The aim of these tools is to increase the workflow efficiency of the individual radiologist by automating steps and minimising distractions from their primary functions. Since many of these tools are deeply associated with the viewing and analysis process, they are most likely to be integrated into the PACS or viewing platform and essentially become integrated features in the existing systems. However, there remains some way to go for many vendors in seamlessly integrating these tools into their core imaging IT platforms, especially in the case of artificial intelligence.

Operational Tools for Daily Management

Another group of products entering the market are operational tools that can support running the radiology department, rather than assisting the individual radiologist. These tools can be roughly divided into tools that support fleet management and tools that support administrative, staffing, legal and resource management.

Software for modality fleet management typically manages scheduling, performance and maintenance activities in the radiology department. Reducing downtime, improving utilization and better predicting maintenance needs all also ultimately help the hospital CFO or department head to increase the cost efficiency of the department. Modality vendors are leading the charge in this area; however, there is a clear need for some degree of vendor neutrality, as many hospitals will have different brand modalities and optimally would like to manage them all through the same system. This creates opportunity for third party vendors to enter this space, although it will be difficult to compete with the dominance of the large modality vendors, especially as many vendors are increasingly offering long-term managed service offerings; therefore, third party offerings will need to offer an exceptional value proposition for the provider.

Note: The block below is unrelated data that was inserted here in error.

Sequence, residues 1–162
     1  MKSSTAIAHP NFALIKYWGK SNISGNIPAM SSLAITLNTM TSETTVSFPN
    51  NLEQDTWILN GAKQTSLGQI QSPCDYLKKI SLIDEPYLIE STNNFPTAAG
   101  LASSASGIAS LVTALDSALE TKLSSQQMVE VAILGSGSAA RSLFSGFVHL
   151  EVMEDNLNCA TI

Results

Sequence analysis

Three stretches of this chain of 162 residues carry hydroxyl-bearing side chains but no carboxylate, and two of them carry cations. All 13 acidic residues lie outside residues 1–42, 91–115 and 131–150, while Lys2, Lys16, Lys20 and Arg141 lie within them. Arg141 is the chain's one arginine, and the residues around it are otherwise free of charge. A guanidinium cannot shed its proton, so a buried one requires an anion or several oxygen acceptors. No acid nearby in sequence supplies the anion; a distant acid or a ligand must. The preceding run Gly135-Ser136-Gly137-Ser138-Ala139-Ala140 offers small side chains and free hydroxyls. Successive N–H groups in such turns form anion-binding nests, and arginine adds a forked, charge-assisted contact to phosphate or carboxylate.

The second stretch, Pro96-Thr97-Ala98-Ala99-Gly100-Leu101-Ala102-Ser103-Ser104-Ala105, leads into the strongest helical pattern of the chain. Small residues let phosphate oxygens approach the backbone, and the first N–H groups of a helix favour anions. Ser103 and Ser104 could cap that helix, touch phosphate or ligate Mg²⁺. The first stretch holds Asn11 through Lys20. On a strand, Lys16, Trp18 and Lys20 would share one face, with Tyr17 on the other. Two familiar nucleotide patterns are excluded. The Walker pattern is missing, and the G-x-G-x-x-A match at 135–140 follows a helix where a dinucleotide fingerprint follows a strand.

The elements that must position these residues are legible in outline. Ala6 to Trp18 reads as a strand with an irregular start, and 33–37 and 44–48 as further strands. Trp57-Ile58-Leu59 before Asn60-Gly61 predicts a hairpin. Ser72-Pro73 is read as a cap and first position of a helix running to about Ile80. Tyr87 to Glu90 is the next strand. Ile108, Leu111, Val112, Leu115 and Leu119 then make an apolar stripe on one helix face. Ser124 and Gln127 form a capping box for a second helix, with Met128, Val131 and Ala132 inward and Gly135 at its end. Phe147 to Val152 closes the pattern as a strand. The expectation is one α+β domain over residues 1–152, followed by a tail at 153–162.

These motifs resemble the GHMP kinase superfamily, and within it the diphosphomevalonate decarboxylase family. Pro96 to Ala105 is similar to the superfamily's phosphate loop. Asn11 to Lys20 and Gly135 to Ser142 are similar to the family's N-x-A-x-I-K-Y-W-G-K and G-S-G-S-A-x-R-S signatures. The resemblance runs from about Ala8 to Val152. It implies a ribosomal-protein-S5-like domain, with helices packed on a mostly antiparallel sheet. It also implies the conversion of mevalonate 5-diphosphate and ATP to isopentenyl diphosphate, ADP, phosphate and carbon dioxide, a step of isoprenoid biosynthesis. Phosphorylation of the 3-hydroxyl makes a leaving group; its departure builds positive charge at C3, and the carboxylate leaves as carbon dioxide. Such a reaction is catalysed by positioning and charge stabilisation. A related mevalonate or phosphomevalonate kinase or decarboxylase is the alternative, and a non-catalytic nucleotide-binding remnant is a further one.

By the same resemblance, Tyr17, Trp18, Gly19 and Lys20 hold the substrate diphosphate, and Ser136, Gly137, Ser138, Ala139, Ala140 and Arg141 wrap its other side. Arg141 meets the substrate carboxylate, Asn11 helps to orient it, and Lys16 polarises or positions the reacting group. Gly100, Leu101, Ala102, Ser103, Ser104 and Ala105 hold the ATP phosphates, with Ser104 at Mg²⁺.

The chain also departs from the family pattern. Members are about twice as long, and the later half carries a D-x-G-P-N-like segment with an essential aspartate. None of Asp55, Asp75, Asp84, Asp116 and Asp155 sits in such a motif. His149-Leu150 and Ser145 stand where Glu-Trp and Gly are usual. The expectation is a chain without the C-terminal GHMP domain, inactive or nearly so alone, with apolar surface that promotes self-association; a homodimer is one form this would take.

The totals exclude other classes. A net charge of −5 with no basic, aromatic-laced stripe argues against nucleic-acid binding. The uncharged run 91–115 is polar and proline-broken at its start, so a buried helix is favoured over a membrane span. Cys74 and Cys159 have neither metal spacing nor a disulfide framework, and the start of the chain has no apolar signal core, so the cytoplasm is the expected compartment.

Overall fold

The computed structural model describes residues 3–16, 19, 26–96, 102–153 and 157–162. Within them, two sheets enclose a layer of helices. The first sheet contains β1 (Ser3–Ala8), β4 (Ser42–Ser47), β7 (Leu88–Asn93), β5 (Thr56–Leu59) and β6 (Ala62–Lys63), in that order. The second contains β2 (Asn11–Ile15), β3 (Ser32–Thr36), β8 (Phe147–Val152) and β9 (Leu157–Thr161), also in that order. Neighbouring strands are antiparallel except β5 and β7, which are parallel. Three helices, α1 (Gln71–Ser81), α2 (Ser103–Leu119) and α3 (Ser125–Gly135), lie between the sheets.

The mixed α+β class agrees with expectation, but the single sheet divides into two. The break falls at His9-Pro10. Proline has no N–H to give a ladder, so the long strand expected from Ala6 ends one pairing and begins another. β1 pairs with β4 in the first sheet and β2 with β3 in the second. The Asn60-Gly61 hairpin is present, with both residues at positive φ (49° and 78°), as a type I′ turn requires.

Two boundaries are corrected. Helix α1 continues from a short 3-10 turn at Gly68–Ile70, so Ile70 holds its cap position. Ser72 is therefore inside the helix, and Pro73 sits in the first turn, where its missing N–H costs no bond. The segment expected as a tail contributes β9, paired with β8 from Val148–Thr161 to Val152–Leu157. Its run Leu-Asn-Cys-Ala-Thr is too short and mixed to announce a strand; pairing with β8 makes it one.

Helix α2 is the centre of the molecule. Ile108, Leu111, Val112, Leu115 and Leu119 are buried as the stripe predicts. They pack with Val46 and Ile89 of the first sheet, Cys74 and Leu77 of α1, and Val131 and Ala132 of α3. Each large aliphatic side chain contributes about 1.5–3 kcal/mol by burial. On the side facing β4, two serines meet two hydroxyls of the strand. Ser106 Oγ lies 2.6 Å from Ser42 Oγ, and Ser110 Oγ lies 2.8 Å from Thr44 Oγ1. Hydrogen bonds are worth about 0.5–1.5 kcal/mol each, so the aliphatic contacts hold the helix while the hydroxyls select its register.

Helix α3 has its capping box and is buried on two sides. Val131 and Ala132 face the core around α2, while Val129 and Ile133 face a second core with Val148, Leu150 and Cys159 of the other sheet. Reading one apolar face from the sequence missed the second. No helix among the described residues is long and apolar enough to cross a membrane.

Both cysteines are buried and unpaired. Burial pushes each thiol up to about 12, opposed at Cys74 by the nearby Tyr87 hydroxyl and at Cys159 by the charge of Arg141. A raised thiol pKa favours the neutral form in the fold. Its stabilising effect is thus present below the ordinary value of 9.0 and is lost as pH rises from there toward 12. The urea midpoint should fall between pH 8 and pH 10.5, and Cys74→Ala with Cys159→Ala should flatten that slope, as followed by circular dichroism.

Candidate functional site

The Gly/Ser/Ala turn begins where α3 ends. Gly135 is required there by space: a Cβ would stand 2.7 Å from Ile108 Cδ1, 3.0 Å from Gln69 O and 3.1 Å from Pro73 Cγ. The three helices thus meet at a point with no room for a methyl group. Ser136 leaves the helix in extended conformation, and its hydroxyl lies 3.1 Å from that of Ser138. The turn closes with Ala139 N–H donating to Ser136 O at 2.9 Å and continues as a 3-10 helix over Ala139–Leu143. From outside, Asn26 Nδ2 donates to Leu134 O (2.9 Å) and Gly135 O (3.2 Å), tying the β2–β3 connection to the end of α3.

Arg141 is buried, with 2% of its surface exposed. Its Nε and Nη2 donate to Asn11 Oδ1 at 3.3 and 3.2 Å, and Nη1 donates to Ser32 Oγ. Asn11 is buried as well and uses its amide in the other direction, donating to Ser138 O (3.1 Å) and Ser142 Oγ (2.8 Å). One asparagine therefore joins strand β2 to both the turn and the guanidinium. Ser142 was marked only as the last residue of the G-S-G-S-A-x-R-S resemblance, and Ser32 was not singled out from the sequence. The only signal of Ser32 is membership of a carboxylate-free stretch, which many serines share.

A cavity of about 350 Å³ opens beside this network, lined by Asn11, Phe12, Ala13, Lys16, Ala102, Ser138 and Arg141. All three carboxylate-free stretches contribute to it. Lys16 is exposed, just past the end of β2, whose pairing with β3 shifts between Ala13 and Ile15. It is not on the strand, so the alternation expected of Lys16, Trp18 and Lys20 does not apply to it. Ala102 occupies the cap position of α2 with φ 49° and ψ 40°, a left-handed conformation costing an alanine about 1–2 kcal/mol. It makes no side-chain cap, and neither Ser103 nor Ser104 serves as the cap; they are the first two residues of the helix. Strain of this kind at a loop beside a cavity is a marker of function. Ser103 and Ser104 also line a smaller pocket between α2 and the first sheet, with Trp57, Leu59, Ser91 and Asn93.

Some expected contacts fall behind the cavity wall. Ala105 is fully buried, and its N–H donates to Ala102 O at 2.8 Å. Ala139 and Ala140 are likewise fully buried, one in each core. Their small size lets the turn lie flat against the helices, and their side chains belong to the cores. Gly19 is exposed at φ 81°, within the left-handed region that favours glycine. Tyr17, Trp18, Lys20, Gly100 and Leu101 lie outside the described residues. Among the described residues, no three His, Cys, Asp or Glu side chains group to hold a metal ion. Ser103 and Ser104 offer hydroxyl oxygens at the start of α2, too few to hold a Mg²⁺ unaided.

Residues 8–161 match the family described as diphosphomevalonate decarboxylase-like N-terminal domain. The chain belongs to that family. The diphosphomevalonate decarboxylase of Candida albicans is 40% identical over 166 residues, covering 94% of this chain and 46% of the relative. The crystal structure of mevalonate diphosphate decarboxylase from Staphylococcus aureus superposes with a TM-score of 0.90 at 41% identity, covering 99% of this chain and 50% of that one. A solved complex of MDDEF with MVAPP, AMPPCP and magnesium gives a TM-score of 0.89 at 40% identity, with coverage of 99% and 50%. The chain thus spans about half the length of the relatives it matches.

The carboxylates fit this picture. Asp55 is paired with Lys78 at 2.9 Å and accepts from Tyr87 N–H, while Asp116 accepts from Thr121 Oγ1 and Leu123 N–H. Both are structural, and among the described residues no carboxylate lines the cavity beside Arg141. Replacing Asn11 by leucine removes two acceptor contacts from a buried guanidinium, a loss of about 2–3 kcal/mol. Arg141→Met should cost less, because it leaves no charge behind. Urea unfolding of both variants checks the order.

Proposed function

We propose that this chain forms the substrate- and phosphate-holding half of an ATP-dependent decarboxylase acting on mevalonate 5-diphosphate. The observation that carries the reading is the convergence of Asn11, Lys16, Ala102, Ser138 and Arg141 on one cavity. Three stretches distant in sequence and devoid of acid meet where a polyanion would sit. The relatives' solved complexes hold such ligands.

Typical subjects to be covered under the second group of operational tools would be staffing, certification, clinical audit, finance, legal or regulatory compliance related tools to ensure correct documentation and staffing and assist with due diligence. The operational tools could also include automatic case load balancing for radiologists within the healthcare enterprise, whereby time savings could be obtained at larger high-volume multi-speciality hospitals. While this area is commonly overlooked and underserved in terms of digitalisation, the costs associated with many of these activities are significant. Moreover, for imaging IT vendors, operational budgets offer a new revenue stream compared to typical clinical software and modality procurement.